Knowledge Is Power : Stacy Durand on the challenges she’s faced and advice for the next generation of women leaders in advertising

Stacy Durand, Co-Founder/CEO of Media Design Group


Media Design Group
Los Angeles, United States
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Stacy Durand
Co-Founder/CEO Media Design Group


In our latest 'Women in Advertising' installment, we chat with Stacy Durand, Co-Founder/CEO of Los Angeles-based Media Design Group, about her experience as a 30-year veteran in the competitive niche of media buying. MDG was one of the first independent agencies to develop an attribution model to measure web order volume and launched some of the largest DTC eCommerce campaigns in the industry. The agency launched its CTV division in 2015 and total billings now approach $250 million.

In addition to her work with Media Design Group, Durrans is also a Co-Founder and Board Member of SmartMedia Technology, a full-service marketing agency focusing on offline and digital marketing solutions, including industry-leading web 3.0 campaigns. SMT has nearly 200 employees in offices in Los Angeles, Denver, London, Sydney, New York, and Kyiv.

We spoke to Durand about the challenges she’s faced and advice for the next generation of women leaders in advertising.

Talk about the challenges you have faced as a female CEO.

My partner and I founded Media Design Group in April 2008. As with any new business, there were numerous challenges as we started the business, not least of which was one of the largest economic downturns in recent history. Being a new agency, with an aggressive and nimble team, helped us not just survive but excel. Many larger companies were locked in large commitments and slower to react to softening performance. MDG pushed stations to reduce media rates, negotiating lower costs for our new clients, driving immediate efficiencies and rapid growth. Being hungry during a tough time fueled our drive and success.

As a female executive, I faced some challenges starting all of my business. In the beginning, I was worried about being taken seriously. In meetings, I am often the only female in the room. Over time I have realized that knowledge is power. Size and a baritone voice do not matter if you are knowledgeable and articulate. I no longer worry about being in the minority or being ‘heard.’ If you know what you are talking about and have confidence, you do not need to be the loudest. There is also the challenge of being a working mother. Work-life balance is a constant issue for all women with children. As a founder, I dealt with never-ending deadlines and an abundance of business travel. All working moms have a tremendous amount of guilt. Eventually, I was able to mitigate my guilt with the realization that I was setting a good example for my son and a role model for my daughter. The time I spent with my kids, although maybe less than other moms, was quality time.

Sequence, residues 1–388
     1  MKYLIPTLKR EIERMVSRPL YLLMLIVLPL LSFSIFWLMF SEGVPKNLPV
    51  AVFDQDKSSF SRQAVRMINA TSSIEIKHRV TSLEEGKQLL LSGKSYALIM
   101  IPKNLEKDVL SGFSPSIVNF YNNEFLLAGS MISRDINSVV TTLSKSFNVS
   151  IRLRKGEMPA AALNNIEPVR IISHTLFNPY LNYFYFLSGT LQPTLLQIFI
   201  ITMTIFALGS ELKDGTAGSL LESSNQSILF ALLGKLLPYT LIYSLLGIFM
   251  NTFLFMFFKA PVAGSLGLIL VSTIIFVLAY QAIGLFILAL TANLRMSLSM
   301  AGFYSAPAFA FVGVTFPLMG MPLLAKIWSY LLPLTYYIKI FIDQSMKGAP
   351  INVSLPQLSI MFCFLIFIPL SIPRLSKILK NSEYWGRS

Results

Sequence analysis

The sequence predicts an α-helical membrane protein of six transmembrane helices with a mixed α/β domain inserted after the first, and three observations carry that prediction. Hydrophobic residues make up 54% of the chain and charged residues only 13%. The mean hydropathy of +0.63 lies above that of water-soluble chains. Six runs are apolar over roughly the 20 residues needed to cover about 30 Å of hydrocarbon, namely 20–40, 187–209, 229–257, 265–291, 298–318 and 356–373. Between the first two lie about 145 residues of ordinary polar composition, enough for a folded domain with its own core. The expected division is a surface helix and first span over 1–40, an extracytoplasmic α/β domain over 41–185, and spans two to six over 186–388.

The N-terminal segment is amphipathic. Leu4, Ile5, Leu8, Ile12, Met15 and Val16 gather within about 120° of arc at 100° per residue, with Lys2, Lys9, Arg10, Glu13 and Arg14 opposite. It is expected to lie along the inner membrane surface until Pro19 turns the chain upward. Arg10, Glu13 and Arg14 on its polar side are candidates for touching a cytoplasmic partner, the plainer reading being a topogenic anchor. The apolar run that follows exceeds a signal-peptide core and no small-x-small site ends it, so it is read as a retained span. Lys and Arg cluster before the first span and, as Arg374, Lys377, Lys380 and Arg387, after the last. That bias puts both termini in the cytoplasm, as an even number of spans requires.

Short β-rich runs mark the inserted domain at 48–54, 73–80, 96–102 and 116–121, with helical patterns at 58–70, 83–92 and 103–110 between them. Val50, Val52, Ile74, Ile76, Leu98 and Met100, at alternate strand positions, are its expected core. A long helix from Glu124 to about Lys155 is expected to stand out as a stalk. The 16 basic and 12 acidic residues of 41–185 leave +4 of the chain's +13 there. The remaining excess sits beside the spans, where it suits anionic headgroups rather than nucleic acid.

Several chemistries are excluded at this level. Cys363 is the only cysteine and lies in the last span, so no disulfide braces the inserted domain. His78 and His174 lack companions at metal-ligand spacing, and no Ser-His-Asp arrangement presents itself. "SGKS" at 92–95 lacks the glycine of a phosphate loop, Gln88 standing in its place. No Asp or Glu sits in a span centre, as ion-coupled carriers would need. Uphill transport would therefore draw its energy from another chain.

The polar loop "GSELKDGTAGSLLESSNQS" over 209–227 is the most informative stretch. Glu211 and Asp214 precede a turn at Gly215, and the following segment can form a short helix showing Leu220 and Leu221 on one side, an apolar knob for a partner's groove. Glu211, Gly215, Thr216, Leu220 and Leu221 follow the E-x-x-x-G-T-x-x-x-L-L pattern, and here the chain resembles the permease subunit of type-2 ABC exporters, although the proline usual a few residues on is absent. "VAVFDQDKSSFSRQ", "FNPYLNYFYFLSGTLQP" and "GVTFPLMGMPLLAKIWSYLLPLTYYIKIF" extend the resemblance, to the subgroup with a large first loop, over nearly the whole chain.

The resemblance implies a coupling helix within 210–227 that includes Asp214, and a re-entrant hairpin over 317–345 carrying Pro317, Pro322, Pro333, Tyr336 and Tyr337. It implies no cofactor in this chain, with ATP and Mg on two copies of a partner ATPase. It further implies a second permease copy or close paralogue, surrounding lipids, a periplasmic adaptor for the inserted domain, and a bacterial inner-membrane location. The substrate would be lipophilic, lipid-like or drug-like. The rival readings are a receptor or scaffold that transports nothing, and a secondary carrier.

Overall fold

What hurdles have you faced and overcome within the industry or starting your own business? Any specific challenges you or other women face in similar positions? Personal anecdotes of dealing with sexism or toxic masculine working environments? How did you handle it?

A female entrepreneur has unique challenges, especially in the ad tech space. Even as a respected business owner, I still have to deal with inappropriate behavior. Establishing clear boundaries is essential regardless of setting or seniority. Over the years, I have learned that it is important to address any uncomfortable situations immediately, directly, and professionally. I am good at identifying someone/something that is going to be a potential problem and taking charge of the tone immediately. If you are paying attention, you can get ahead of issues and hopefully avoid the problem altogether.

In terms of perception or reality for women in leadership positions, have you noticed any tangible progress throughout your career?

Without a doubt. When starting my career, there were very few females in leadership positions and even fewer founders. Now, there are numerous successful female-run businesses and countless women in high-level positions. But, while there has been tremendous progress in the past 25 years, much more work must be done. Those of us running the industry must continue to support women new to the space and ensure they have the opportunity to flourish.

Why might advice for being ‘fearless’ for women working at an agency differ from that for men?

Be persistent, and don’t be ignored. Men are often seen as assertive, while a female making the same statement is ‘bossy.’ If you have the knowledge to back up your statement, fight for it.

What are your top tips when it comes to setting work/life balance boundaries? 

Ensure you don’t miss the important moments with your friends and family. While running the business has always been a focus, I make appointments in my calendar to ensure I’m at games, graduations, and vacations. The key is having a solid team that can handle any situation so I can be present wherever I need to be in the moment – both at work and at home.

One piece of advice you would give your 10-year-old self?

Don’t second guess your gut. I’ve managed hundreds of people and billions of dollars in media over the past few decades, and the one constant for me has been that my initial reaction to a person or situation is usually the right one.